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Thinking outside the box

By Carroll Smith
Editor
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The origin of the phrase “thinking outside the box” is typically attributed to the Nine Dots Puzzle, pictured below. Three rows of three dots are inside a box. The challenge is to connect the dots with four straight lines without picking up your pencil.

As it turns out, the solution to the puzzle involves going outside the perimeter of the box that surrounds the dots. Hence, to solve a problem or think creatively, you often have to look at things with a new or different perspective.

First, it’s necessary to identify what the box, or challenge, is. Then take a look at what’s already inside the box in terms of tried and true practices or conventional wisdom that has worked in the past. Thinking outside the box does not necessarily mean tossing aside everything that is inside. Instead, consider using an approach that involves bringing in some new ideas to complement the things with which you already have to work.

BoxTake a look at the puzzle. Notice that in order to connect the dots, or address the challenge, you don’t go completely outside of the box to do it.

Just cross the perimeter a couple of times, and the puzzle is solved. In our cover article on pages 6 and 8, California rice farmer, Fritz Durst, notes that his father’s philosophy was to learn by doing. “He wanted me to figure things out for myself,” Durst says. “I think this paid off for me because I’ve been thinking out of the box for quite some time now.”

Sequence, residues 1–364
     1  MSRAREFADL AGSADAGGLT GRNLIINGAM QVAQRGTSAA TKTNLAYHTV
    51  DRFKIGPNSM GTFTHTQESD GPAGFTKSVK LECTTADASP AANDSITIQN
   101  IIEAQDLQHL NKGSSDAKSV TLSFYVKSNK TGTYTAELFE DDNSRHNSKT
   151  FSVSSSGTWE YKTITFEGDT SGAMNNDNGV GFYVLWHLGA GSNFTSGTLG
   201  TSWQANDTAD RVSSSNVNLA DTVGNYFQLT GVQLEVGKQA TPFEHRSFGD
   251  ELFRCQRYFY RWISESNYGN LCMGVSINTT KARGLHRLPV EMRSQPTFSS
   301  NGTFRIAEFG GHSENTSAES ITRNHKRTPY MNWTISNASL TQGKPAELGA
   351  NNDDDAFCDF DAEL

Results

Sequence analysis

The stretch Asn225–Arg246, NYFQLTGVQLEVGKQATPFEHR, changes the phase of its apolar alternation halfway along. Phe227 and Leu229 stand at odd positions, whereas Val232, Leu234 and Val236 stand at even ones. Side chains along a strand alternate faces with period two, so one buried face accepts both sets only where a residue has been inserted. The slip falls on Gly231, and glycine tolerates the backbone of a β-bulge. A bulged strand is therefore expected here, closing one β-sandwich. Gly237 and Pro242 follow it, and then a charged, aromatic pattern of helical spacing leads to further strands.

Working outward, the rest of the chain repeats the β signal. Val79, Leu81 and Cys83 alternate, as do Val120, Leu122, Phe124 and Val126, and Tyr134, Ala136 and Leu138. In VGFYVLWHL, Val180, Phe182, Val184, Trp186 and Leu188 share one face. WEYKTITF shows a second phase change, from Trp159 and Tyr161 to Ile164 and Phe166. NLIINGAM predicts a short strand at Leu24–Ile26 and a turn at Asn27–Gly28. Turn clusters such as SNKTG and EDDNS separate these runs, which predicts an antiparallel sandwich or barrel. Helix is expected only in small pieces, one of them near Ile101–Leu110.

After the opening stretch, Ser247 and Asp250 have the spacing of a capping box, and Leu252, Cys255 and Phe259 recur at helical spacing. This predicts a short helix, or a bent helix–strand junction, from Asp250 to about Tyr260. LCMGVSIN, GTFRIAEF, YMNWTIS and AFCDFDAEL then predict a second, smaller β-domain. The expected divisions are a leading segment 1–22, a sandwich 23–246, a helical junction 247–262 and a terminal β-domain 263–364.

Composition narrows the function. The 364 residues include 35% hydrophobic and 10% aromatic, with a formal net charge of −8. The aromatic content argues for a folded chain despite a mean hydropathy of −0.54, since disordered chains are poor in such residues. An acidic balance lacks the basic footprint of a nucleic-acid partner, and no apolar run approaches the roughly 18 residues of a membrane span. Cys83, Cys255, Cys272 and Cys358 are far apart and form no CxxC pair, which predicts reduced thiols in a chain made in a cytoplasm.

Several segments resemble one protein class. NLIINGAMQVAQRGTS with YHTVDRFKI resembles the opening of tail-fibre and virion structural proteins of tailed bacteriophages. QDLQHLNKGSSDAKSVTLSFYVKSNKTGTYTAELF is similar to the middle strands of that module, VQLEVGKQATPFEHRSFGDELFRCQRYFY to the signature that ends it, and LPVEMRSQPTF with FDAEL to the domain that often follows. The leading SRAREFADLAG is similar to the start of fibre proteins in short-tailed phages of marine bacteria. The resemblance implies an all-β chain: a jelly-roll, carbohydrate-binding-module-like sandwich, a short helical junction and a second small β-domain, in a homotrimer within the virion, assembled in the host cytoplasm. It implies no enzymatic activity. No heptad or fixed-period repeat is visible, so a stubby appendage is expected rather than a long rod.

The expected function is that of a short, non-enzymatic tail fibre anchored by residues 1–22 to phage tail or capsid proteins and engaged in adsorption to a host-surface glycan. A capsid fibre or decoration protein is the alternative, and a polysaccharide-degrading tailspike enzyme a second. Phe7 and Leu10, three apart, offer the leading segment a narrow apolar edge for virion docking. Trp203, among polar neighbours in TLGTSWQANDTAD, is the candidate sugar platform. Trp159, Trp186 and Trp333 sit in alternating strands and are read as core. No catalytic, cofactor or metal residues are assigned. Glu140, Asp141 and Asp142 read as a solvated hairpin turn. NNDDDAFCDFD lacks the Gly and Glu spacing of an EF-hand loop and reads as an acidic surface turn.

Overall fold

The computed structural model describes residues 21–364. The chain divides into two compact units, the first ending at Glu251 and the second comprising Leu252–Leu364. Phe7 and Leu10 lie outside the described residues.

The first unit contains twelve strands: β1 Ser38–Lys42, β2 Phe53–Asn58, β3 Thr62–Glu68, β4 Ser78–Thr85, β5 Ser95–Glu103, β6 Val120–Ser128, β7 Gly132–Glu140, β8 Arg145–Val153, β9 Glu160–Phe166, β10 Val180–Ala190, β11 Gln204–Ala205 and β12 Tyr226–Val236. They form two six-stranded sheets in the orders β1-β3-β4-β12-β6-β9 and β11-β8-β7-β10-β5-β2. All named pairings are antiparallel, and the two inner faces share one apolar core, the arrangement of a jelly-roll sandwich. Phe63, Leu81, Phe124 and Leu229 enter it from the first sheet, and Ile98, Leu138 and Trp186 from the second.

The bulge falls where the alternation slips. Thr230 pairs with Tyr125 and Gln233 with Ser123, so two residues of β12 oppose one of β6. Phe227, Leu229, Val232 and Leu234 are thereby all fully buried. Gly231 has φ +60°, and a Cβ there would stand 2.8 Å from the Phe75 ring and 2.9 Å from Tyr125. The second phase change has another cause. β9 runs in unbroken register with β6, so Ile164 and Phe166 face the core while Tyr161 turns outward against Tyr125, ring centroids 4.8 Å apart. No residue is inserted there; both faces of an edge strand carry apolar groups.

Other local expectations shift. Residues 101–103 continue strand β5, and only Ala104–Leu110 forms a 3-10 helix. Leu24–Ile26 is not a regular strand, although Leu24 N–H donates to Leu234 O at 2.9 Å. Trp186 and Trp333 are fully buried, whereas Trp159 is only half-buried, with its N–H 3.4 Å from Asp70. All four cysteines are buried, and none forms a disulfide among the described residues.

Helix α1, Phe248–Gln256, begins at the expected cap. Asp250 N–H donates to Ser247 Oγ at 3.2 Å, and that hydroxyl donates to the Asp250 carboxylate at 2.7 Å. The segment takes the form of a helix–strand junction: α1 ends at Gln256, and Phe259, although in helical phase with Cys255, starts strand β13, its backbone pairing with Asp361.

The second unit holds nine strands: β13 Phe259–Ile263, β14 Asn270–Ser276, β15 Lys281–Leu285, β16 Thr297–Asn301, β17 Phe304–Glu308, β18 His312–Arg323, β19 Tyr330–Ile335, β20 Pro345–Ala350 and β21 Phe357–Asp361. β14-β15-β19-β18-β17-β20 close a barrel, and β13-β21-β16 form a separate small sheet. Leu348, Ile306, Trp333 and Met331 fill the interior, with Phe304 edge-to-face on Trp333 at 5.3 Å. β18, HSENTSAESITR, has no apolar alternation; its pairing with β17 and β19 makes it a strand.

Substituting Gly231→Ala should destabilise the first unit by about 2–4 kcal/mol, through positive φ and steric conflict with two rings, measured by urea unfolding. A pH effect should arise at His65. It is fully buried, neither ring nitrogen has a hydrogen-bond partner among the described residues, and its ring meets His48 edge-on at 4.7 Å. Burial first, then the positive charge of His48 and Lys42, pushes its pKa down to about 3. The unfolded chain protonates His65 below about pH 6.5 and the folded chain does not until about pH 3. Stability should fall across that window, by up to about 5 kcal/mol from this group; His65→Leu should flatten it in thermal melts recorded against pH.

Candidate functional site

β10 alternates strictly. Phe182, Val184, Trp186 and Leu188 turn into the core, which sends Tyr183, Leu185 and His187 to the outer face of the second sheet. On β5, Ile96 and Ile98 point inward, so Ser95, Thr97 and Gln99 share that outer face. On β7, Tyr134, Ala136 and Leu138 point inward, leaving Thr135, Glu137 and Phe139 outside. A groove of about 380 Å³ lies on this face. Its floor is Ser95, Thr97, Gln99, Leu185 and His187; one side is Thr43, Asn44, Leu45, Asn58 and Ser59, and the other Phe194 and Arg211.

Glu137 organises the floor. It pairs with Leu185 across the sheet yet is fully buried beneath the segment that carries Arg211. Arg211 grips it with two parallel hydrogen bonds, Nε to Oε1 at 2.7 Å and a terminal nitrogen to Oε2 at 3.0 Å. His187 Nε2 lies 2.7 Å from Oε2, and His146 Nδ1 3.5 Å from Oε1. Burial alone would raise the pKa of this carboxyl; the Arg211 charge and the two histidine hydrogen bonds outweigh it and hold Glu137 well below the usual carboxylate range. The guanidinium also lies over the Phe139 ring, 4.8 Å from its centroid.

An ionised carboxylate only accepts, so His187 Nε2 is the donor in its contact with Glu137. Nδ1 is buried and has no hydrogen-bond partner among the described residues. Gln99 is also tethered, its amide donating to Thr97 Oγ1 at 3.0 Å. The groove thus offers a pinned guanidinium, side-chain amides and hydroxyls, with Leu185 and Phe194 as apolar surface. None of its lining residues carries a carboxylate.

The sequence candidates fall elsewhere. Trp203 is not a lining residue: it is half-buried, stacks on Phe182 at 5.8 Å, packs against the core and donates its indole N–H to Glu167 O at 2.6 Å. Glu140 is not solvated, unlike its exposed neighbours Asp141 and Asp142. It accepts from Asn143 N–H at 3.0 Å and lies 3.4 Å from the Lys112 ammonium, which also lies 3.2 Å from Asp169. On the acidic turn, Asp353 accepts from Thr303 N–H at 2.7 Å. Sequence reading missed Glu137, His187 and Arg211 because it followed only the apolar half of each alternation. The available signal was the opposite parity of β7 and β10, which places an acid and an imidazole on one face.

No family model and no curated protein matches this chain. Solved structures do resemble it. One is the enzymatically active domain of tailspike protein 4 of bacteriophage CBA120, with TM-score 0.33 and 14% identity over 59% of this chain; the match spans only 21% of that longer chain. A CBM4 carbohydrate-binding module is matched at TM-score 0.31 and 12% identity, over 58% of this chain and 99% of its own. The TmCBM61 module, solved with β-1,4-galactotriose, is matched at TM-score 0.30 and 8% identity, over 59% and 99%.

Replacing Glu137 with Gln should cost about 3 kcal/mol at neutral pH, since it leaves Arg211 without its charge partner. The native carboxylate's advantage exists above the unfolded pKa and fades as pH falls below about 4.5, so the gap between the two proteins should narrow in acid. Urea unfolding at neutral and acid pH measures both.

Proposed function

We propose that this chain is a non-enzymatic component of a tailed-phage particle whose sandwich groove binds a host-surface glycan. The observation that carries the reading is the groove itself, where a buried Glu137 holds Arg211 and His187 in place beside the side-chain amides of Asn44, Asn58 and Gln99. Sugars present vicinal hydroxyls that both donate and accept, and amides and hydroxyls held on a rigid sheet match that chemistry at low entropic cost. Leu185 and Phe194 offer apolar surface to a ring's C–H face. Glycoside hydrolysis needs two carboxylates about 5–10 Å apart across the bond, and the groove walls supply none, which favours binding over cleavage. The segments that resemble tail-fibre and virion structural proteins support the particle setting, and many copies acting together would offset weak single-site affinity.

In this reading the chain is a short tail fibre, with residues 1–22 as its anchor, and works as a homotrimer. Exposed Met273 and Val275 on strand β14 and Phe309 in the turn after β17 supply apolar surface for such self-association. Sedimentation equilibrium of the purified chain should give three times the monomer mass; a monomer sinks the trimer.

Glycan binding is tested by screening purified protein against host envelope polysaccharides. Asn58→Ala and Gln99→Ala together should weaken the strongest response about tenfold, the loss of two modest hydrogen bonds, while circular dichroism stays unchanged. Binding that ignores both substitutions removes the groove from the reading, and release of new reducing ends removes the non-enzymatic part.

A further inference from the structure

During the late 1990s, the northern Sacramento Valley was having a problem with blast in rice, so there was a need to find new areas to grow rice for seed. Durst was already growing other crops for seed, so he was familiar with the concept that was, so to speak, “inside the box.” He had a rice rotation set up and knew how to grow other crops for seed, so he decided to step across the perimeter and give growing rice seed a try.

Also, when it comes to dealing with herbicide-resistant weed biotypes, Durst says his associate, Garth Williams, helps him with the thought process. This doesn’t mean they have to ditch the herbicides all together, but “think outside the box” and look at field history to figure out how to rotate them to achieve their weed control goals.

Challenges arise in all aspects of our lives, and when you run into one that involves your farming operation, study the tried and true options, then try looking beyond them.

Send your comments to: Editor, Rice Farming Magazine, 1010 June Road, Suite 102, Memphis, Tenn., 38119. Call (901) 767-4020 or e-mail csmith@onegrower.com.

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